Lawmaker unveils ambitious plan to protect Salish Sea

Lawmaker unveils ambitious plan to protect Salish Sea

The bill would aim to restore salmon while cutting down on toxins and noise pollution.

A far-reaching package of laws aimed at clean water, orca whale protection, and phasing out fish farms in the Salish Sea could come before state legislators this year.

Senator Kevin Ranker, D-Orcas Island plans to introduce the Salish Sea Protection Act that would fund oil spill prevention, update response plans if an oil spill happens, establish rescue tug boat efforts, and coordinate emergency efforts with Canadian officials.

His proposed Orca Whale Protection Act is threefold. The bills would focus on restoring the lack of salmon as a food source for the whales, addressing the toxins in their food web, and noise pollution from barges and tankers.

The populations of orca whales and chinook salmon, one of the whale’s primary food sources, are declining according to the Environmental Protection Agency’s most recent 2016 Health of the Salish Sea report. Marine water quality has also shown long term decline in the Puget Sound region over the last 10 years.

Ranker emphasized the risk of oil spills in the Salish Sea from barges with more capacity for oil transport.

The orca whale bills essentially would increase enforcement of orca whale protection laws already in place requiring a certain distance between tankers and the whales’ habitat. The legislation would help the state Department of Fish and Wildlife man a permanent vessel dedicated solely to orca whale law enforcement.

In response to thousands of Atlantic salmon escaping to Puget Sound, Ranker is also proposing legislation to eliminate new leases for net pens used to raise Atlantic salmon net and other non-native fish. The new legislation would update 25-year-old regulations.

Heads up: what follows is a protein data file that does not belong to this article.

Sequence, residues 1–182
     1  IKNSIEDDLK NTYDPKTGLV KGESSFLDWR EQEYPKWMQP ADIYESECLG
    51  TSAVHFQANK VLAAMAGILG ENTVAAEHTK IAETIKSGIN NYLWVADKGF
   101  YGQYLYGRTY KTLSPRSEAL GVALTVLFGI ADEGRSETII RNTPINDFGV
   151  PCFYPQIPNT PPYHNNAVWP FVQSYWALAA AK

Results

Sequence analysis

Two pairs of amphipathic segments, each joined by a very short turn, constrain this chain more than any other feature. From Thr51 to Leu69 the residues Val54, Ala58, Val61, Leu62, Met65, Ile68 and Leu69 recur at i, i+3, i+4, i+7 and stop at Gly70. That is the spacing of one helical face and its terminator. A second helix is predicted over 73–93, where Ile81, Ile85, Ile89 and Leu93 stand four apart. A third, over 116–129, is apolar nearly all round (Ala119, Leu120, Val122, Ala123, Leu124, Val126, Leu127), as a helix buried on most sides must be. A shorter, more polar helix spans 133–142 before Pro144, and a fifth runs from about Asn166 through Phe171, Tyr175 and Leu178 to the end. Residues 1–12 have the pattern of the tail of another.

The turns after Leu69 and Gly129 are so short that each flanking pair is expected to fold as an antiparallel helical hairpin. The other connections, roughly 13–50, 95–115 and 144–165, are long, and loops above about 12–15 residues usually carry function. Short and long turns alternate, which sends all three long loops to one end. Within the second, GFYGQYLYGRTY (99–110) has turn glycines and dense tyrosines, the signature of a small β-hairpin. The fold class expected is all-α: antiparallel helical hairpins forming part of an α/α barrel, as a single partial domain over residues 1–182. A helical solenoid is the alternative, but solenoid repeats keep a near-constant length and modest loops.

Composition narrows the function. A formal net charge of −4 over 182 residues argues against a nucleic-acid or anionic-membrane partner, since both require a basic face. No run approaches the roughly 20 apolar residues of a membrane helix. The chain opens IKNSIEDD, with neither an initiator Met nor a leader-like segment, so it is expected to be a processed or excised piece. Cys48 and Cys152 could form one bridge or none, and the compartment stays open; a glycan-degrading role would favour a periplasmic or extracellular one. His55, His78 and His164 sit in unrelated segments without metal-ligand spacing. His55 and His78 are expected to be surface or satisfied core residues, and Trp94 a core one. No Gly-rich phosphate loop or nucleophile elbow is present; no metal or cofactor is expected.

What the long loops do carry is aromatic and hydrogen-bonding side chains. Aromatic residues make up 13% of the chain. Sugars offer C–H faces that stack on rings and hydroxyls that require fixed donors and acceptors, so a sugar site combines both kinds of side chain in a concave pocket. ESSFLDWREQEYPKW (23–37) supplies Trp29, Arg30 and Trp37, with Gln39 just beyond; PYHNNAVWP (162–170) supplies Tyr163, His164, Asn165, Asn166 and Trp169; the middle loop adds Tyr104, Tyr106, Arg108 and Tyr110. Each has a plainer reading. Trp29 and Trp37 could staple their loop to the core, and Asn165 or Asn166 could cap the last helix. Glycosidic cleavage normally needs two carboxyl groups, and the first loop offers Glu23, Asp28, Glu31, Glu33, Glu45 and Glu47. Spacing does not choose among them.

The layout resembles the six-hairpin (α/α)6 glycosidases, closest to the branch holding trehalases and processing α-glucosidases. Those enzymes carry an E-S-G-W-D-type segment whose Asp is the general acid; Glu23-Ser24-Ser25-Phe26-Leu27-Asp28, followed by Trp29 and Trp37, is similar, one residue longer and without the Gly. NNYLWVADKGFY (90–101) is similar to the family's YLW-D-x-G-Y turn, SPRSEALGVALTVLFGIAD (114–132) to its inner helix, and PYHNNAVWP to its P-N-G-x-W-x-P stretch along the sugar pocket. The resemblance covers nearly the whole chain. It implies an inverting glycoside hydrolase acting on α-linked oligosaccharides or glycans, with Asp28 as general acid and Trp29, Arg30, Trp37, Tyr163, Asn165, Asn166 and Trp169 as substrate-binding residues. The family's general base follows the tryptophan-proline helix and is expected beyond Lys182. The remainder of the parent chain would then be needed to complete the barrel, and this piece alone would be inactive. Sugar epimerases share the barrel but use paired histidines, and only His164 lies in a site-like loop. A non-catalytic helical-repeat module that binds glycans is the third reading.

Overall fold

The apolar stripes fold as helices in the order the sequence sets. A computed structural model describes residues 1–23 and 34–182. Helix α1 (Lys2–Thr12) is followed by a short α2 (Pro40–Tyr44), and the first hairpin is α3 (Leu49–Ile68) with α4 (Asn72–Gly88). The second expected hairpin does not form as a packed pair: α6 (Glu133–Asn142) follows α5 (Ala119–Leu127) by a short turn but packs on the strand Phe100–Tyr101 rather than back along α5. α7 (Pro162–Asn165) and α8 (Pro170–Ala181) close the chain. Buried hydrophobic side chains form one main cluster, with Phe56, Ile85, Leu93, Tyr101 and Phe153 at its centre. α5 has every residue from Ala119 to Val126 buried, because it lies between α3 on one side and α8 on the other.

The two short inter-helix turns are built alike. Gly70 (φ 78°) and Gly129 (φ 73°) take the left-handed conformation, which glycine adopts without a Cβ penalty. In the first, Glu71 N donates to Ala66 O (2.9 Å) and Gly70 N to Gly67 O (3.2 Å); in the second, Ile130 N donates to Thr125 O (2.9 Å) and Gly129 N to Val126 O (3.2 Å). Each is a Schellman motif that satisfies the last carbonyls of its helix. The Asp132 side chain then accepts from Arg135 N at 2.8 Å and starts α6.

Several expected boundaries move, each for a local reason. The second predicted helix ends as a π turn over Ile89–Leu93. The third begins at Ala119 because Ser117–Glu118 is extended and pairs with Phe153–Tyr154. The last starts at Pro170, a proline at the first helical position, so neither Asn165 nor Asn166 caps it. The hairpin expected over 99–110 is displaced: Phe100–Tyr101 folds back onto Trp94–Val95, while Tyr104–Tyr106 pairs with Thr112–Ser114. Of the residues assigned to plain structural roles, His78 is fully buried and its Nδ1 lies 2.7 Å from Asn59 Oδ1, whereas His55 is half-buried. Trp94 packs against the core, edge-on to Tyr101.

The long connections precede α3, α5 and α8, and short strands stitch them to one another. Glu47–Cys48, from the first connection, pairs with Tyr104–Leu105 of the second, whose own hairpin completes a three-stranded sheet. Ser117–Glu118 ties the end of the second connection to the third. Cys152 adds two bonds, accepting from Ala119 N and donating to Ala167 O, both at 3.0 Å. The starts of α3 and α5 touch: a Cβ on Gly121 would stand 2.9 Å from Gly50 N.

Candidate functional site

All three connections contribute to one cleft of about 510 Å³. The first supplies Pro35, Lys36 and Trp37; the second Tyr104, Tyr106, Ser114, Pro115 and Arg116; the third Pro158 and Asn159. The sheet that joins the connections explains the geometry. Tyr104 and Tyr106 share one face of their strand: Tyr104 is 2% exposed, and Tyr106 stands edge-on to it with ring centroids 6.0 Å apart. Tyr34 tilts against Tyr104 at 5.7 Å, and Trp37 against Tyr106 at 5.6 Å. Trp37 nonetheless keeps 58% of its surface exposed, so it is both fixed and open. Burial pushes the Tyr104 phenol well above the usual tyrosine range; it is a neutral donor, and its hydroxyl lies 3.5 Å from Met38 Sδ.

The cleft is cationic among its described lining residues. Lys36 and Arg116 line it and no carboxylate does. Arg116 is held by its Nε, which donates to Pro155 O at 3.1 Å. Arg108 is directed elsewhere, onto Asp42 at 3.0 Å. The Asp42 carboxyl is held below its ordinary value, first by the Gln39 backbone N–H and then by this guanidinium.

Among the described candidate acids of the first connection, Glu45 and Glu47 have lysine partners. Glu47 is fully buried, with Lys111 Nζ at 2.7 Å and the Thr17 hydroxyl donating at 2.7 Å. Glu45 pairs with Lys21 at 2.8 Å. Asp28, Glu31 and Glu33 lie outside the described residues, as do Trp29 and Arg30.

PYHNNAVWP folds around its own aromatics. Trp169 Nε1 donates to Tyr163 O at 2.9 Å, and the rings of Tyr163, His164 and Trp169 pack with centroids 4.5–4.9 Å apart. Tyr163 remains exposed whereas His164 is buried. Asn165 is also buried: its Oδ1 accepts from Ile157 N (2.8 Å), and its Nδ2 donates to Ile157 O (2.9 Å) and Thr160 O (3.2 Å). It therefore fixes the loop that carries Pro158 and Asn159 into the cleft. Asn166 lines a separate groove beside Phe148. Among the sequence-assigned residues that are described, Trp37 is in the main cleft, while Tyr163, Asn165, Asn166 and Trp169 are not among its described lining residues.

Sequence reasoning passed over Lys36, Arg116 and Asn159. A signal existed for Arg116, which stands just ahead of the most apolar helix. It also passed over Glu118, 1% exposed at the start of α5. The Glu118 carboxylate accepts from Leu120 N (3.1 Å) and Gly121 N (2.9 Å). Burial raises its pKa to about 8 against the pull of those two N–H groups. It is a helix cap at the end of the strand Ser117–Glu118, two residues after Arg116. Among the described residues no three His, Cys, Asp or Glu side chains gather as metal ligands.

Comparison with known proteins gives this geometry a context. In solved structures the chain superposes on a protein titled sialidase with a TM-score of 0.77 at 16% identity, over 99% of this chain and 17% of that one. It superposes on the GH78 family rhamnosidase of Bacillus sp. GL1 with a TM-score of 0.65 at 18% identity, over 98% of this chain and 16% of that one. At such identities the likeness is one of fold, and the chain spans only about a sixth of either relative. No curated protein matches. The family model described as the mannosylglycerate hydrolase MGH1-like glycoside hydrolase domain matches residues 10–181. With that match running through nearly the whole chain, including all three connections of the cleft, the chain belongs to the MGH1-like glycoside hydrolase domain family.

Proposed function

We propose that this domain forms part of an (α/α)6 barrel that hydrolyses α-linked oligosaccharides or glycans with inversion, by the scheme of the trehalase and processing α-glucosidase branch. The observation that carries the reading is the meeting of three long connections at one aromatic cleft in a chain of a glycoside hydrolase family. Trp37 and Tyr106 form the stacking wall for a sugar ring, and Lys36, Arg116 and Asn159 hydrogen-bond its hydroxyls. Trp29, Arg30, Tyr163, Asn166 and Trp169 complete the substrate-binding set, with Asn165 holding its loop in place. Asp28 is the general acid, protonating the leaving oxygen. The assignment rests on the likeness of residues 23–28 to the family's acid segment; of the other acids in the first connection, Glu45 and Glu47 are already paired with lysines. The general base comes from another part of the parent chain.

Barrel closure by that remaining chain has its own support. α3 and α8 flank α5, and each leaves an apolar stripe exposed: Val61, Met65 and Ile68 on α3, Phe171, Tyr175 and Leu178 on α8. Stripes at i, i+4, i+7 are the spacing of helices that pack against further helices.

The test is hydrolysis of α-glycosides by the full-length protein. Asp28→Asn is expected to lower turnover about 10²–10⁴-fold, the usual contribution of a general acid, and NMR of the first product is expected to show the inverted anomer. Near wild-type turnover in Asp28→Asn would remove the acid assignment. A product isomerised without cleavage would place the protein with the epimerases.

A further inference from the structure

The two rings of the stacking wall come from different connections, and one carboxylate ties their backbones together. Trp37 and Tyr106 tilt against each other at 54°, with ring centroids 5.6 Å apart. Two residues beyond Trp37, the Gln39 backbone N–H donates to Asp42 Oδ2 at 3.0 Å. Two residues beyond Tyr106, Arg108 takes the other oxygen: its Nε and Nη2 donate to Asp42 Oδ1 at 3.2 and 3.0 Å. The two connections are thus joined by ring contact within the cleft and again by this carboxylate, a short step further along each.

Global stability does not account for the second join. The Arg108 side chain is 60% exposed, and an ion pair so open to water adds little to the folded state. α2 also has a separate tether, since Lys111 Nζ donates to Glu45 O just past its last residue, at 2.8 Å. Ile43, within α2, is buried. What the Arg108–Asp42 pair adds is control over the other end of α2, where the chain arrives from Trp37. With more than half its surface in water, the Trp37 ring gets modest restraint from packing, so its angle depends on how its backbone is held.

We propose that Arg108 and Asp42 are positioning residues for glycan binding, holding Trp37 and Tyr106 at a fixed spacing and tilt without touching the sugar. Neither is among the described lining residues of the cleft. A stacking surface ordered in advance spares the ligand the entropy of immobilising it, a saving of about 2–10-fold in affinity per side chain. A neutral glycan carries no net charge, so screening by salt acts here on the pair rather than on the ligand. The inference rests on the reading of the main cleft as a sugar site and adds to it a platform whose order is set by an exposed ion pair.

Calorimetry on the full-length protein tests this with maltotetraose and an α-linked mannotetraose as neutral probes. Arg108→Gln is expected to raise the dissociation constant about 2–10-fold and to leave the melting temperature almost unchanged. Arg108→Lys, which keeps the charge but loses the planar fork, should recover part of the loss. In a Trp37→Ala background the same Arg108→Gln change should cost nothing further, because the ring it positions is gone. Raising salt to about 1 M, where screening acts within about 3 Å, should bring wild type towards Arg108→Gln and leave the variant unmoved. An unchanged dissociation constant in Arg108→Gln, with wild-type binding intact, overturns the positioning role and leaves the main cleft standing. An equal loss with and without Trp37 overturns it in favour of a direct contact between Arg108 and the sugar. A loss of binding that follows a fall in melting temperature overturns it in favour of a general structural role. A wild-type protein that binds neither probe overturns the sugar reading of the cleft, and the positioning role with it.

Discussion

“If we like seeing orcas and wild salmon on our coast, we cannot continue to industrialize our coasts,” President of Sea Legacy Cristina Mittermier said, adding that Sea Legacy is not against healthy industry.

Cooke Aquaculture, one of the largest Atlantic salmon farming corporations using the net pens, filed suit against the Department of Natural Resources after a notice to terminate the company’s long standing lease to operate a salmon farm in Port Angeles. Cooke Aquaculture said in the lawsuit that the decision to terminate the lease is not supported by recent facts and will result in unnecessary loss of already scarce rural jobs.

Mittermier, who is a marine biologist, said potential legislation eliminating new leases on Atlantic salmon net pens comes in the nick of time. She said a large portion of farmed salmon have a virus that attacks the heart functions of salmon. When farmed salmon escape, the virus can infect wild salmon and other native fish, she said.

“We acknowledge that the fish escapement prompted some understandable fears and concerns about the impact of Atlantic salmon on the health of native stocks, but we are urging lawmakers to recognize that these fears are not borne out by the history or the best available science,” Joel Richardson, vice president of public relations for Cooke Aquaculture wrote in a statement.